A tenant is also entitled to rely on Section 48 of the CPA which describes what is meant with unfair, unreasonable or unjust lease terms and sub-article (2)(a) identifies it above others to be a lease which is excessively one-sided in favour of the lessor. To protect a lessor from a force majeure but not the tenant will have to be a term that can be challenged.
However, when interpreting the legal meaning of what is meant by a force majeure, as early as the beginning of the Union of South Africa the then Appellate Division of the High Court in Peters, Flamman & Co v Kokstad Muncipality 1919 AD 427 held that “if a person is prevented from performing his contract by vis major or casus fortuitus…he is discharged from liability”.
For a residential tenant to rely on force majeure, in Glencore Grain Africa (Pty) Ltd v Du Plessis NO & others  JOL 21043 (O) the Court provided some guidelines to establish whether someone like a tenant may be protected by this common law principle. There are certain principles that must be met in order for a force majeure to satisfy a tenant’s claim to protection. These are:
1) The impossibility must be objectively impossible
2) It must be absolute as opposed to probable
3) It must be absolute as opposed to relative, in other words if it relates to something that can, in general, be done, but the one party seeking to escape liability cannot personally perform, such party remains liable in contract.
4) The impossibility must be unavoidable by a reasonable person
5) It must not be the fault of either party
6) The mere fact that a disaster or event was foreseeable, does not necessarily mean that it ought to have been foreseeable or that it is avoidable by a reasonable person.
What does it mean to be protected by a force majeure?
A residential tenant who met these guidelines mentioned above may reasonably rely on the protection of this common law principle and the lessor can legally not claim the rental now until after the Lockdown when the residential tenant has returned to generate his or her income.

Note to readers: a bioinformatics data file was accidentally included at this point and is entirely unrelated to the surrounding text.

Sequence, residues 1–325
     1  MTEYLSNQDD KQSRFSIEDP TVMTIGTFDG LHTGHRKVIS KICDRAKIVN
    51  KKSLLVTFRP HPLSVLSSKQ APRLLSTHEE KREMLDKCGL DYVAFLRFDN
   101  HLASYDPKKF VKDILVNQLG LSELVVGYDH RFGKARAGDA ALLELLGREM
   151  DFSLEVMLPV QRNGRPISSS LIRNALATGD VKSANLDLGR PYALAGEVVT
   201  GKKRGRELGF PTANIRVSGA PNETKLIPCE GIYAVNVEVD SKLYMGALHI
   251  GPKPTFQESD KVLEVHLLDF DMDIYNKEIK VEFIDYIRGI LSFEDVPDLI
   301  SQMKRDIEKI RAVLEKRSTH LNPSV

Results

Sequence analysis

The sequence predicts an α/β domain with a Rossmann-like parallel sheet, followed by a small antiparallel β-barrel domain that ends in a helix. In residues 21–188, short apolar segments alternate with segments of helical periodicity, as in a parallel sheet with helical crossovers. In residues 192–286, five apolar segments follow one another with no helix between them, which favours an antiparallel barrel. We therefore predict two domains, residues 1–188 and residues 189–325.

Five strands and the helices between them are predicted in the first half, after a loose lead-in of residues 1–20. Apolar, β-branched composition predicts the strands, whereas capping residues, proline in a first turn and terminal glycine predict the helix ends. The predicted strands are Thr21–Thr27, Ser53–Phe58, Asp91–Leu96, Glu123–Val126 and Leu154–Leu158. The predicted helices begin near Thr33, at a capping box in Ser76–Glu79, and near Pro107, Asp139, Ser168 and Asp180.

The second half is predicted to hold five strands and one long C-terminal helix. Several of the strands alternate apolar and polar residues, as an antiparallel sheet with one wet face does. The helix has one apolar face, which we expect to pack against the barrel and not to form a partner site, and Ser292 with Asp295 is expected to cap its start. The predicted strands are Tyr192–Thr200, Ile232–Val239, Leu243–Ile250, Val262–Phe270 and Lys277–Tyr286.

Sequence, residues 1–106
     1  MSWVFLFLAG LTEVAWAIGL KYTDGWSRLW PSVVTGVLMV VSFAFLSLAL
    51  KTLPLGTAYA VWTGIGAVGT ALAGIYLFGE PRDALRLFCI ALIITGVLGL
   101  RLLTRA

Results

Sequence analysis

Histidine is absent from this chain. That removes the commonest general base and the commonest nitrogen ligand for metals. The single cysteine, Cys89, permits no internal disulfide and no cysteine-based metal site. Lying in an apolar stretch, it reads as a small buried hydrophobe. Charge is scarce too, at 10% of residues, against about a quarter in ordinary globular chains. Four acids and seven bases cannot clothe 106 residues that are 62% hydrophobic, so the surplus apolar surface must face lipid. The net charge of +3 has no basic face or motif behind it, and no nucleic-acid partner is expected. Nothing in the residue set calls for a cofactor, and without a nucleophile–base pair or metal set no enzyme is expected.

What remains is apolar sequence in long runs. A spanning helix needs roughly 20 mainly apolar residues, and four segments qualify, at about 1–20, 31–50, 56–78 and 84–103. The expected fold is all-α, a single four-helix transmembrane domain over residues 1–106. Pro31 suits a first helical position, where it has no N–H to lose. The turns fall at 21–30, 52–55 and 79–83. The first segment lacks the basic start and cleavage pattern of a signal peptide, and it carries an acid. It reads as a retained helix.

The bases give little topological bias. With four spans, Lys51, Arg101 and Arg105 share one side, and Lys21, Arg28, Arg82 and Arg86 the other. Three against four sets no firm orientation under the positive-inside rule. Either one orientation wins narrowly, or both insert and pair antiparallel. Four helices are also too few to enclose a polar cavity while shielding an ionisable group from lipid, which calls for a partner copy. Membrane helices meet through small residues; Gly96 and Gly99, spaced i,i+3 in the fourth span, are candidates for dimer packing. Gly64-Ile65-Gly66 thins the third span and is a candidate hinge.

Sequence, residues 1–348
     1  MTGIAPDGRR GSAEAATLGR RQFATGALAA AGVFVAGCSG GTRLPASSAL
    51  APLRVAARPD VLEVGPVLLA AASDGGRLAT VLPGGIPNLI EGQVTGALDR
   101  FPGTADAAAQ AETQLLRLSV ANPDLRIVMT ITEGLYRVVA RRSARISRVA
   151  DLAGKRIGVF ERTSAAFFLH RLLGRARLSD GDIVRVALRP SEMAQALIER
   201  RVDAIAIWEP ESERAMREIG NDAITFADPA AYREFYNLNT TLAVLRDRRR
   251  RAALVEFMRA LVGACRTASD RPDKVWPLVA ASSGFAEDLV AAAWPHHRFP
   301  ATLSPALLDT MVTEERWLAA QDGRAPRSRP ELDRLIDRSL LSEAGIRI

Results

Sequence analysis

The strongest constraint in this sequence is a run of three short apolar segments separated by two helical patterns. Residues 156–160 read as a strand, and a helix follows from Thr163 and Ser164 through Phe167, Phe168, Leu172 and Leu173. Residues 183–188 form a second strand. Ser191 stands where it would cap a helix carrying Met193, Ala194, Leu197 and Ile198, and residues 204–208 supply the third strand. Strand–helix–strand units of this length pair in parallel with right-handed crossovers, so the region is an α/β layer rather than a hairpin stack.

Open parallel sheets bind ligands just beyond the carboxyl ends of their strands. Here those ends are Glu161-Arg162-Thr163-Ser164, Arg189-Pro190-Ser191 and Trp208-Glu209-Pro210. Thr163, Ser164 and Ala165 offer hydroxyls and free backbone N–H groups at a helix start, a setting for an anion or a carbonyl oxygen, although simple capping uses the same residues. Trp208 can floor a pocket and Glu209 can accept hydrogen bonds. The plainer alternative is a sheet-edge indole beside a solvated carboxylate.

With the Rental Housing Tribunals not operating at present during the Lockdown period, lessors are in any event not capable of collecting outstanding rentals through the Tribunals and the Minister of Justice and Correctional Services through General Notice R418 published in Government Gazette No. 43167 on 26 March 2020 has also restricted the issuing of new civil court cases inclusive of having suspended all evictions and executions of Court orders. With a further restriction of the operations of debt collecting in Regulation 11B and further not listed as an essential service in terms of Annexure B of the Lockdown Regulations, resultantly the lessor will find it extremely difficult to legally collect any rentals not paid by any tenant now.
May a lessor do personal collection of rentals or send someone to do it?
The short answer is “NO”. Like tenants claim, and also provided us with video recordings, three large men were going door to door to tenants in the Metro Building to do debt collecting for the owner relying on that they were security guards. Because debt collection is not regarded as a normal task done by a security business, these men clearly defied the Lockdown Regulations by having done what they have.
Section 40 of the CPA further clearly stipulates that a lessor or an agent of the lessor must not use physical force against a tenant, coercion, undue influence, pressure, duress or harassment, unfair tactics or any other similar conduct. If a lessor does conduct himself or herself or itself in any of these ways a Court will have extensive remedies to choose from in terms of Section 52(3) of the CPA which includes restitution and compensation to the tenant.
What will happen to a protected tenant after the Lockdown?
The effect of the Lockdown is not only limited to the period of the Lockdown. If ever it can be reasonably proved that the inability of a tenant to pay his or her residential rent is a direct result of the Lockdown, the force majeure will survive the physical period of the Lockdown and it will be very interesting to see how our Courts will handle these matters especially eviction applications.
What can a residential tenant do if his lessor wants to illegally evict or disconnect utilities?
Contact the Police immediately and refer the Police to this article to confirm that no eviction, including disconnection of utilities may occur, and the Police must allow such tenant to be protected against such illegal conduct and that the tenant opens an appropriate criminal case against the lessor.
If ever the Police refuse to assist or even act against door to door debt collectors, LFN is only a phone call away and we shall gladly assist victims free of charge.
Being protected by the force majeure does not mean that a tenant will have indefinite protection. All tenants who reasonably can rely on this protection must ensure that he or she makes appropriate arrangements with the lessor and keep to it. If the lessor is reluctant to assist you, contact us.